MERCER: For newspapers, crunch has come on mail, legalsBack when I was a boy, we didn’t have the Internet. We had twice-daily mail service, however, and Saturday mail service.
Back when I was a boy, we didn’t have the Internet. We had twice-daily mail service, however, and Saturday mail service.
We didn’t have iPods, but we had AM radio and 45s and LPs and 8-track tapes. FM radio was getting a foothold. We had TV.
We didn’t have cell phones, or cable or satellite television, but we had one telephone in the house, and that gradually converted from rotary dial to push-button. And we had newspapers.
Five hundred years ago across North America there weren’t any of those.
Post offices and newspapers gradually came into existence, as European settlers looked for ways to exchange information vital to commerce and self-government in their new world.
How we communicate has changed in ways that we wish we had been creative enough to imagine and smart enough to accomplish.
Recently newspapers were pronounced dead during testimony at a public hearing held by the Legislature’s rules review committee regarding a rate increase for legal advertising.
The U.S. Postal Service meanwhile is looking to close more rural offices and enact more reductions in delivery service.
In many South Dakota communities the money made from legal advertising is crucial to the existence of the local newspapers.
Likewise the price breaks that newspapers have received for mailing, as well as Saturday mail delivery, are essential to distributing the local newspapers, especially to their rural customers.
It is hard for newspaper publishers and their staffs to argue that they must receive help from the government, especially while they also argue they shouldn’t be subject to government interference in obtaining public information or in choosing what they want to say in print.
Yes, it seems the newspaper business wants freedom of the press and government help.
But if we look back in our nation’s history to the era of the American Revolution, we find that our country’s leaders wanted exactly that.
They encouraged a free press and decided the press should be paid to publish the nation’s laws.
And, so as to ensure more newspapers could share information and more people could receive it, our nation’s founders and their next generation decided the press must receive substantial breaks on mailing.
The postal system was held in such absolute importance that Congress took control of it away from the president.
Jeffrey Pasley, a faculty member at the University of Missouri-Columbia, has extensively studied the roots of the press in our nation and published, in 2001, his book: “The Tyranny of Printers / Newspaper Politics in the Early American Republic.”
“By 1794 newspapers accounted for 70 percent of the mail by weight, but for only 3 percent of the postage,” he wrote.
Pasley observed that government policies shaped the structure of the new nation’s newspaper industry. Here is one of the ways he saw:
“The laws were to be printed by newspapers in each state, and other government printing expenditures were spread out as well, with many contracts and legal advertisements emanating from individual custom houses, land offices, and post offices all over the nation.”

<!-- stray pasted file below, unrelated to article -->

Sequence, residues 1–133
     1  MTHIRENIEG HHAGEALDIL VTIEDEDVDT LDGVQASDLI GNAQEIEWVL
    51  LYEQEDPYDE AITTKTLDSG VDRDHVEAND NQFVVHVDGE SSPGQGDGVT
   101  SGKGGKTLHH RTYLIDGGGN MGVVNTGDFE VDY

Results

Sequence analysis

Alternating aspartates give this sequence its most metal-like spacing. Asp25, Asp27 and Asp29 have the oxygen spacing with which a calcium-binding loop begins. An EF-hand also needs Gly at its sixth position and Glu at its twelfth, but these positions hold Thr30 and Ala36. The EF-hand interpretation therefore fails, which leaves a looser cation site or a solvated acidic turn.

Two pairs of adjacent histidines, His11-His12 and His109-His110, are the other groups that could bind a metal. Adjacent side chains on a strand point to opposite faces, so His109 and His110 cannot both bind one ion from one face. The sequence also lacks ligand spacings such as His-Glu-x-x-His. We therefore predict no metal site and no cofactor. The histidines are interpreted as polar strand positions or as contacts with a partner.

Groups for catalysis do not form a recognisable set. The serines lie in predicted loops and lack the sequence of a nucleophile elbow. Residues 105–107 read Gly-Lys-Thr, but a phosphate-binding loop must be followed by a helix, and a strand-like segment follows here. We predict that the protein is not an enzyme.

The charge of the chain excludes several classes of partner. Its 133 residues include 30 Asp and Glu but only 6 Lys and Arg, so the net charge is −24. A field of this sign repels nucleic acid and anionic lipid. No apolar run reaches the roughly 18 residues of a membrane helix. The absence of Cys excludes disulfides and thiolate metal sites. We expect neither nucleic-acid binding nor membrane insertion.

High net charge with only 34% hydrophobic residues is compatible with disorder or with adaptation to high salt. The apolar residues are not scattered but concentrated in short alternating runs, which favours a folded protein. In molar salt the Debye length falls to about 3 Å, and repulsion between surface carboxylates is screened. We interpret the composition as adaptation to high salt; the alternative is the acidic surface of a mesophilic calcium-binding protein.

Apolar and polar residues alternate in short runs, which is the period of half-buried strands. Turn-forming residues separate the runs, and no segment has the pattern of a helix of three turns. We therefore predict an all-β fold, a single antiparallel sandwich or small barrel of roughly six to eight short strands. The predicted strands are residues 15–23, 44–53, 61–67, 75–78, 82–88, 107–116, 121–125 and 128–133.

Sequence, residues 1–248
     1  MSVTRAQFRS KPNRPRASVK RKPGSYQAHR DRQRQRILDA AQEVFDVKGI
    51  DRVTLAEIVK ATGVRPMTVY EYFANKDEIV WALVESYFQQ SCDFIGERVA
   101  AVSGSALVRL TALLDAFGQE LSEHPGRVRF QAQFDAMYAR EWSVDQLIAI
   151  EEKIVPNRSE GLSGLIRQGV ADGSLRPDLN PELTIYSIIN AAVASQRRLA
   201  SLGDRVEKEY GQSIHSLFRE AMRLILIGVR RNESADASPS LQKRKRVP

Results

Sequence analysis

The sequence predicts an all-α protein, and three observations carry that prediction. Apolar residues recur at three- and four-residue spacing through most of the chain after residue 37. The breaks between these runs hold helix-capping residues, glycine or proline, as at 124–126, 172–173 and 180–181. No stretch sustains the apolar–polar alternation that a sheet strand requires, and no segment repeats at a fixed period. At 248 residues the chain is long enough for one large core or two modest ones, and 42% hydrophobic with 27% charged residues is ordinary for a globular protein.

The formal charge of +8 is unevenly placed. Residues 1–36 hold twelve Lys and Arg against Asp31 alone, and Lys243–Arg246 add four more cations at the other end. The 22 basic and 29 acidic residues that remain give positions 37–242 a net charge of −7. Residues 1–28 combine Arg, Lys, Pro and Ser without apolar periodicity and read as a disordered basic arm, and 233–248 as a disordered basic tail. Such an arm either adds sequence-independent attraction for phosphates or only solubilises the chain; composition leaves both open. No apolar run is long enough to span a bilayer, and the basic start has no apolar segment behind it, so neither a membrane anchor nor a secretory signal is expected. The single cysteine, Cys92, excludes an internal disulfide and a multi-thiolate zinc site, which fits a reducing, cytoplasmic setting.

Here is another of the ways he said:
“In postal policy, the government opted for decentralization quite deliberately … Newspapers could be put in the mail from any point in the system, rather than just at the capital, as was typical in Europe…
“Instead, the favorable treatment was extended to all papers equally, even those published in the smallest rural hamlets.”
In fact, as Pasley notes, the rates were established to provide further breaks on papers mailed to addresses within 100 miles, providing some protection against papers achieving broad geographic circulation.
“Free exchanges allowed the content of the national press to penetrate everywhere, while the other policies ensured that the primary delivery points for that content would be hundreds of small-circulation newspapers published in market towns, county seats, and state capitals all over the republic,” Pasley wrote.
And when Congress passed the Sedition Act, on July 14, 1798, to penalize critics of government, many more newspapers sprung up as a counterforce. A truly partisan press took shape, between small-r republicans and federalists.
New forms of communication such as radio, TV and Internet in the past century changed the equation.
Population shifts contributed too, as did the nation’s ever-deepening federal debt, and the growing concentration of newspapers under corporate ownership.
Many people now question the need for paid legal advertising in newspapers. They see free publication on the Internet as a low-cost alternative.
The postal service meanwhile can’t catch a break and sinks further into the red. Unable to generate new sources of revenue, and seeing so much of package delivery siphoned away by commercial companies, the postal service is trying to cut costs and that means less service.
When I hear Yvonne Taylor of the South Dakota Municipal League argue against the legal advertising rate increase, or see Rep. Roger Hunt, R-Brandon, submit legislation that would repeal key requirements for legal advertising, it hurts to the core of this newspaperman’s soul.
But I understand. They are upstanding people who see a changed world. Yes, newspapers are the only local news outlet in most communities in our state. But so many people no longer see newspapers as essential, as relevant.
The pain is not the result of their opinions but of the knowledge we have allowed this to be done to, and by, ourselves.
Standing pat won’t work for much longer. Rather than simply saying “no” we must ask “How now?”
One of the newspapers from the early days of our nation was the Sun of Liberty. That would be a good image for all to keep in mind: What as a nation we’re really about.